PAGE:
There is a self-made pro with a passion for cycling and a never-give-up attitude. He rides over 30,000 km on his bike every year, he is the UCI ParaCycling World Champion, and has 6 Paralympic gold medals. His name is Jiří Ježek and a missing leg is not a big deal for him, he is playing sports career at hard difficulty level and still winning. How does he do it? Read about his life’s story.
The accident he considers a victory
Relying on prosthetic legs is not just limiting in terms of movement but also in terms of durability. They can break and they do break. For example, in a long stage race in 2008 in Dominican Republic, his prosthetic leg broke in the middle of a stage. There was no way to replace it, no companies that manufactured it. So he just duct taped it and successfully finished the remaining stages regardless.
There aren’t many things that make Jiří quit and you can trace this attitude of his all the way back to his childhood. He was run over by a cement truck when he was crossing the street at the age of 11 and his right leg had to be amputated from the knee down. When he is asked about the accident nowadays, his comments are quite surprising and not at all negative. “It gave me self-control and determination” he says, explaining how the loss of a leg actually helped him.
His recovery shaped him as a person
His parents didn’t go easy on him when he returned after several months in the hospital. He had to do the chores just like before. And even if he was allowed something extra, like not having to take off his shoes in school because it was complicated with his prosthetic, he refused. Instead he made an extra effort and followed the same rules as other kids, he didn’t feel sorry for himself. This experience shaped him as a person and he took advantage of that later in life.
How he got into cycling
Cycling was the least painful way to move for him so it soon became a hobby. It was one of the few places where he started feeling equal to his friends in physical activities. He started training at 20, worked hard, improved, and soon stood on podiums of various races. His first big success as an amateur came after 6 years, when he qualified for Sydney Paralympic Games and won two gold medals.
Training with one leg
At the time, Jiří worked in a company that manufactured prosthetics so he had several of them for walking, running, and cycling. Later, as a high-level cyclist, he wanted to lift weights like other pros. The problem was he couldn’t do strength training with any prosthetic, it was too painful and damaging to his body. But that didn’t stop him. He trained much harder and won all of his Olympic gold medals while only training his legs on the bike.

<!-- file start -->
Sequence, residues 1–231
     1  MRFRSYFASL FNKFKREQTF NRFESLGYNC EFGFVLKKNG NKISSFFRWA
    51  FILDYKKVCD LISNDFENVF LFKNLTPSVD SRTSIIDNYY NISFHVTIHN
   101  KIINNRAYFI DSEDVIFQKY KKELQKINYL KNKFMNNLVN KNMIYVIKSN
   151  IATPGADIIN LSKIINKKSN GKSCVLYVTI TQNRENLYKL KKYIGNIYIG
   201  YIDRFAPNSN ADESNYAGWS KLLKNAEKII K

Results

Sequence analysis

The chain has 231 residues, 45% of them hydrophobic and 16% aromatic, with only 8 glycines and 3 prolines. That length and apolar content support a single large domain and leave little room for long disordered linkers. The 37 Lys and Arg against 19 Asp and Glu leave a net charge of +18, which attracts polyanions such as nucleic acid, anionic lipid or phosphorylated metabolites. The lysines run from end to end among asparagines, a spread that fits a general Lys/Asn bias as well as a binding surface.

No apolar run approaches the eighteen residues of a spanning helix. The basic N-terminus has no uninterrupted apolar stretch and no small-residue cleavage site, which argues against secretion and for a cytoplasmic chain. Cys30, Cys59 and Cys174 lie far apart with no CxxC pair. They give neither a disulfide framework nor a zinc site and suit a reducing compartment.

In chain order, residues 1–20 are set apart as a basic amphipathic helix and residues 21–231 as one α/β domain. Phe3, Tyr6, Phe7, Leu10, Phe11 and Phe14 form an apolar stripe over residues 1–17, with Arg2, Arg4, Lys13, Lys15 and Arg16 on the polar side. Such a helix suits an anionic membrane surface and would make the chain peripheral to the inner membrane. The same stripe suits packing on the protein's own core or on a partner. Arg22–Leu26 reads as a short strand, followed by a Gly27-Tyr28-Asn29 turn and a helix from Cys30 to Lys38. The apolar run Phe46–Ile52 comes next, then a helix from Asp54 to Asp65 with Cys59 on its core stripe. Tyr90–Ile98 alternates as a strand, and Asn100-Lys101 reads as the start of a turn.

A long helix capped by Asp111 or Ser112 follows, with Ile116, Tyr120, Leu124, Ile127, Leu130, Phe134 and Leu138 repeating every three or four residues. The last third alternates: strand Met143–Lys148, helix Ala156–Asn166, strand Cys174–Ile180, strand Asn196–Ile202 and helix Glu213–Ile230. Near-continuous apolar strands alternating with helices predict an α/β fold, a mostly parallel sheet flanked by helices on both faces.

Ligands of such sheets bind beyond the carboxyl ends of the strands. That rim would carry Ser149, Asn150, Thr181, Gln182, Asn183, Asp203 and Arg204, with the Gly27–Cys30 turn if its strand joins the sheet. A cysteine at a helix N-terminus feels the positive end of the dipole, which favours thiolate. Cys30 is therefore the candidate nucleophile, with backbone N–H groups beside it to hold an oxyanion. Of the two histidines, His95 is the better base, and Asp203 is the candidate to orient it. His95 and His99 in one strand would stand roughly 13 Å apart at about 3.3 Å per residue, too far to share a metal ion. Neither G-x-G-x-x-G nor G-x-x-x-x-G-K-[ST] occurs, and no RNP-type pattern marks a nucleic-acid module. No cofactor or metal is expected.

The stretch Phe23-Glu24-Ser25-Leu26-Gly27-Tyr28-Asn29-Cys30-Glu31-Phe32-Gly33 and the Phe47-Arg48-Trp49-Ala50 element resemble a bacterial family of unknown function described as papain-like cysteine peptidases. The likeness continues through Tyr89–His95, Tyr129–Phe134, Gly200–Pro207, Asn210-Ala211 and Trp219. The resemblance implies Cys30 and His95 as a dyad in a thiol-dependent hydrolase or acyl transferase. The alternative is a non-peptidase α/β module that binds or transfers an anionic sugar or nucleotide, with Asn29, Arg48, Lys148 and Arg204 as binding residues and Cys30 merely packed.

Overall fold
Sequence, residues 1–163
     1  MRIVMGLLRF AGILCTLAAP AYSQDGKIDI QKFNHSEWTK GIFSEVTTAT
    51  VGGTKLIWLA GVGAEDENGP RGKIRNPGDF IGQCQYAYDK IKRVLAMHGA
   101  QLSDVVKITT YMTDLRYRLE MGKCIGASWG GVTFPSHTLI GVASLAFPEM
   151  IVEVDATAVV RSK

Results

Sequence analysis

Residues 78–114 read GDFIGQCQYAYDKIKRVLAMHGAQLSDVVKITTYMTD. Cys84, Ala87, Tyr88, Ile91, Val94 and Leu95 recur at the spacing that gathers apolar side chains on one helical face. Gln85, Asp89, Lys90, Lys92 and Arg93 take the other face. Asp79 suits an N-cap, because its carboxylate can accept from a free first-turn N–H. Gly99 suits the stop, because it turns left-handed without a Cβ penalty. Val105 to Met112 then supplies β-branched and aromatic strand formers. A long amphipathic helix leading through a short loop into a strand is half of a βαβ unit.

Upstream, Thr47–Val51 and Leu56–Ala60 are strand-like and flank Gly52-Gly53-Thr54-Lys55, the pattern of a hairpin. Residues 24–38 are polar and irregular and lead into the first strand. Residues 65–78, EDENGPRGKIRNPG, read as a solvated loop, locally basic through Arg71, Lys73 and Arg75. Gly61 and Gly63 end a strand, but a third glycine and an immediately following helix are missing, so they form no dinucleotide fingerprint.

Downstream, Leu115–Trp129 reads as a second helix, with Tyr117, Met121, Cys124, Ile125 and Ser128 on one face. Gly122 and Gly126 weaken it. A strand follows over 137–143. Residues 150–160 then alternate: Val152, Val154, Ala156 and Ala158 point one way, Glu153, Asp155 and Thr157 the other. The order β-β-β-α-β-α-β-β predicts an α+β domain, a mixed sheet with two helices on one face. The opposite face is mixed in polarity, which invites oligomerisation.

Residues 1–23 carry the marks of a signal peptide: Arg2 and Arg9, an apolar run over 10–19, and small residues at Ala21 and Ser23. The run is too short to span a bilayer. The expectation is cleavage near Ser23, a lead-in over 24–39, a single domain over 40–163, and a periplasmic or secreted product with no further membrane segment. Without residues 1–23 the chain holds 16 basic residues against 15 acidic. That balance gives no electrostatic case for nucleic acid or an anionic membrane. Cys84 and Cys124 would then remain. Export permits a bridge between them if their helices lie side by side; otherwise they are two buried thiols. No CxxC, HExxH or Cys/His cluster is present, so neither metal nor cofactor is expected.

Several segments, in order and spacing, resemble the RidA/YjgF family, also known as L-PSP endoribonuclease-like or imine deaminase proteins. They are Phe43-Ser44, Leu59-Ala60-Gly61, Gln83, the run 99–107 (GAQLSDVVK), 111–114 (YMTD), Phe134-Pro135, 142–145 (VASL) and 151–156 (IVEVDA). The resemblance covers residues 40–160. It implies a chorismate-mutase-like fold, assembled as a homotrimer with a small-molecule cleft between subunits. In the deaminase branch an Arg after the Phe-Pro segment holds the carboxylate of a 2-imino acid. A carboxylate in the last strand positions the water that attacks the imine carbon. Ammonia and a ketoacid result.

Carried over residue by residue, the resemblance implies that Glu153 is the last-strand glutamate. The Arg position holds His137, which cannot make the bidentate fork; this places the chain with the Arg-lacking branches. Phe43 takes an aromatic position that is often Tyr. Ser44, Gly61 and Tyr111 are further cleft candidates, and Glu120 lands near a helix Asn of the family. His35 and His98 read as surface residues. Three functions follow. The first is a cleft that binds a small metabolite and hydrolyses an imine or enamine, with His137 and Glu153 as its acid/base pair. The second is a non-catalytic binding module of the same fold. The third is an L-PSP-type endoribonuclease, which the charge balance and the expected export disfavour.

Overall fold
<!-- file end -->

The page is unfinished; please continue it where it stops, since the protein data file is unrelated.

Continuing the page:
The champion’s mind-set
According to measurements done at the Heidelberg University in Germany, his amputated leg can only deliver about 70 % of power compared to able-bodied pros. Jiří regularly races with them despite that and he always had the need to be the first no matter the starting positions. Instead of complaining, he trains extra to help his legs to put out equal power.
The ability was proven by racing at the highest level of cycling in 2010, when he spent the whole season in a professional team. He successfully raced with the Tour de France winners, World Champions, and big stars of pro-peloton. In 2013, he was a forerunner in the Tour de France Time Trial to Mt. San Michel and while not being even a part of the race, he put out a better time than 3 real pros.
Even if a race with professionals doesn’t go well for him, he stays on the bike as long as possible, to get good training in. His wife and manager Sonja says: “Jirka gives up races only when he falls, gets hurt, his bike is destroyed, or judges withdraw him from the race”. We found out that to be true first hand, when he was part of our team for the 2016 L’Etape du Tour, and we’re glad he’s going to be with us again this year.
The never-give-up attitude
Jiří is determined and has a great work ethic, that’s what helped him become the first handicapped cycling pro in the Czech Republic. What made him a champion is his never-give-up attitude. “If you give up once you will remember it forever and you will be giving up in races all the time”, he says, explaining why it’s not an option for him. And he doesn’t just say that, he lives that.
After his big fall in the 2014 World Championship in the USA, where he was hospitalized for weeks, lost 2 ribs, some upper body muscles and a part of his lung, he did not give up. He managed to recover, train again and qualify for 2016 Rio Paralympic Games.